I like to say I read a little bit of everything, but truthfully I get into this swings where all I want to read at once is certain genres or types of books. Last year and maybe half of the year before I was all about the YA books. I read so many of them. I think this was mostly inspired by my discovery of booktube and the blogging community shortly before hand. My first, and now shut down blog was mostly YA books. The end of last year I wanted everything Fantasy (pretty much back to what I loved growing up). I realized then how much of a mood reader I am. Just following my moods like this meant I didn’t get to branch out much. I didn’t read a lot of literary fiction, or popular adult fiction. I certainly didn’t read classics. Ew.
This also had a lot to do with my taste of classics in high school. They were books you read because you had to. Which, sure, wasn’t that bad but there were some books that I for starters wasn’t mature enough to read and I also just did not like. I’m not kidding you, I was in the AP English class and we had to make a video relating to one of our required reading books in groups. Our group made a Grapes of Wrath video on how much we hated it, eventually we even ‘degraded’ our society to chanting and circling a bonfire of copies of the book.
So classics were SUPER intimidating. It’s amazing though what actually trying them will do. I loved Pride & Prejudice in high school, so I knew there had to be books in that category that I’d like. So I started revisiting this wide shelf of books in two ways.
- I appealed to the collector in me. I like collecting matching versions or types of books so, upon finding some amazing booktubers who read almost exclusively classical books I found the Penguin English Library editions. Hella cheap (between 6 and 10 dollars on Book Depository, with free shipping), and with super awesome covers.
- I then went with obvious choices. I’ve talked about my favorite buzzwords previously in a Top 5 Wednesday. So I used those buzzwords: ghosts, Sherlock Holmes, regency romance, mysteries.
I started with a spooky story, going for Turn of the Screw. Then I moved to Sherlock, on to more Jane Austen, Oscar Wilde, and Bram Stoker. Then I started finding more of these awesome bloggers and booktubers and found more and more that appealed to me. I have a Penguin Classics Collection started, and even have my first Vintage Red Spine (The Great Gatsby).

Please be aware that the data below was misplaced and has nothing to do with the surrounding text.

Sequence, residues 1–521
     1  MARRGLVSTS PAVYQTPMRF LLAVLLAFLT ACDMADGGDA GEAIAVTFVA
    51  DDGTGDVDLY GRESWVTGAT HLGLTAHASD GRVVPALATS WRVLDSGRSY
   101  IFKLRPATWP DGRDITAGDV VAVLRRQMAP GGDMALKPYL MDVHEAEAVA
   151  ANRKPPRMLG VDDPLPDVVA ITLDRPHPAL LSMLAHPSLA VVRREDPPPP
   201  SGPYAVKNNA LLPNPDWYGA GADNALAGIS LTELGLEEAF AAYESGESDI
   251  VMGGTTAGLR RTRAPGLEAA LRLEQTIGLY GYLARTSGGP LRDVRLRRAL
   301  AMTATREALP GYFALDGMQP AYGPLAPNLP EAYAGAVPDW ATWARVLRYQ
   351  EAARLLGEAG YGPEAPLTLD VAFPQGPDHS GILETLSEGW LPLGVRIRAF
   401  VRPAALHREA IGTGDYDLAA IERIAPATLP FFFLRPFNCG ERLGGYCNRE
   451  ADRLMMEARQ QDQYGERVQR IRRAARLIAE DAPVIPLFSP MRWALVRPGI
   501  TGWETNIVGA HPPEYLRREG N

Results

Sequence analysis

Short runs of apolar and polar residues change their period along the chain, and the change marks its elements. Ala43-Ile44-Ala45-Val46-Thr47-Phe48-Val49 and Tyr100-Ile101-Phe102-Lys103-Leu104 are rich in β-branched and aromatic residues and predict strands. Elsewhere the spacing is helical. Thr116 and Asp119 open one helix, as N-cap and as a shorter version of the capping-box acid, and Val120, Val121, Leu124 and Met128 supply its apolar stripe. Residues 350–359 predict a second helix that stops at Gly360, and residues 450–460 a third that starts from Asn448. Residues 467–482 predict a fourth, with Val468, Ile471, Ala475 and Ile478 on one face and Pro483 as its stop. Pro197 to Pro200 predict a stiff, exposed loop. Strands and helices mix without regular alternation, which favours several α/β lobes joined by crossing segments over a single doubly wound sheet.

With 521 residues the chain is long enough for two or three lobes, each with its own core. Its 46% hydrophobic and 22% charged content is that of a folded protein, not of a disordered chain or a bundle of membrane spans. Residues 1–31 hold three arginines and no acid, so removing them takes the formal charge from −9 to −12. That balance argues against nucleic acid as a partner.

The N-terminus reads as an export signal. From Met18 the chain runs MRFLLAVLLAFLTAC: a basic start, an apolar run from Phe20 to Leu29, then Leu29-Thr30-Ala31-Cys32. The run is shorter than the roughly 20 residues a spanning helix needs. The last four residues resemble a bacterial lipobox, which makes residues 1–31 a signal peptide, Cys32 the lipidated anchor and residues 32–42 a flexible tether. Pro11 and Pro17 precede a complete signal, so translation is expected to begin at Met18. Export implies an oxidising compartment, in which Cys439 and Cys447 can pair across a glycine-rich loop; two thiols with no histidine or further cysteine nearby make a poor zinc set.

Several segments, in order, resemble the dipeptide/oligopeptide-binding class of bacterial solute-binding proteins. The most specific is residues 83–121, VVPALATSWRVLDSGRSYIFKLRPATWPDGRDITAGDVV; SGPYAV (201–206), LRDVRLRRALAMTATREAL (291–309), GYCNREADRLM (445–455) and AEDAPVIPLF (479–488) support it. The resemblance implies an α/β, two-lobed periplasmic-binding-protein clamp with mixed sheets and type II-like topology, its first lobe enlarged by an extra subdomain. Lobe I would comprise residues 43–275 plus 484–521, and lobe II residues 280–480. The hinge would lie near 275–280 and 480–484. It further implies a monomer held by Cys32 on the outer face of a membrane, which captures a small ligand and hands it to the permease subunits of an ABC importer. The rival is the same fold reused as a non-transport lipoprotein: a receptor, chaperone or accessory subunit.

The reason this works for me, this collecting, is that I have to read the ones I have unread before I can read the next. Thanks to the way I have to understand what I read I end up using Spark Note when I need to, or looking up what is just a little over my head. I also leave a lot of notes in my books. On everything I read I use post-it notes to mark little quotes and scenes but with my classics I use full sized post-it notes to make notes and reminders and leave thoughts (my Portrait of Dorian Gray has notes on nearly every other page).
It’s was also super, SUPER surprising to me that I could read these easily and comprehend them because like I said, in high school these things drove me nutty. Now I read them easily. For the ones that drag, because it’s happened, I switch to an audio version and that really makes a difference. I really recommend, for those wanting Jane Austen reads to try this particular series narrated by Juliet Stevenson, that woman has an incredibly narration. She’s also done quite a few other authors and books, I’m pretty excited to read those as well.
The short of it is, classics really are not that scary. They are surprisingly easy to read, and if you have trouble there are tons of groups, sites, reviews, and other ways to comprehend them. I read the Penguin English Library edition of Turn of the Screw which had with it Daisy Miller. That story had me going ‘Huh?’ at first but after a few reviews and study article online it made so much more sense. If classics at all challenge you or someone you know, definitely give them a try!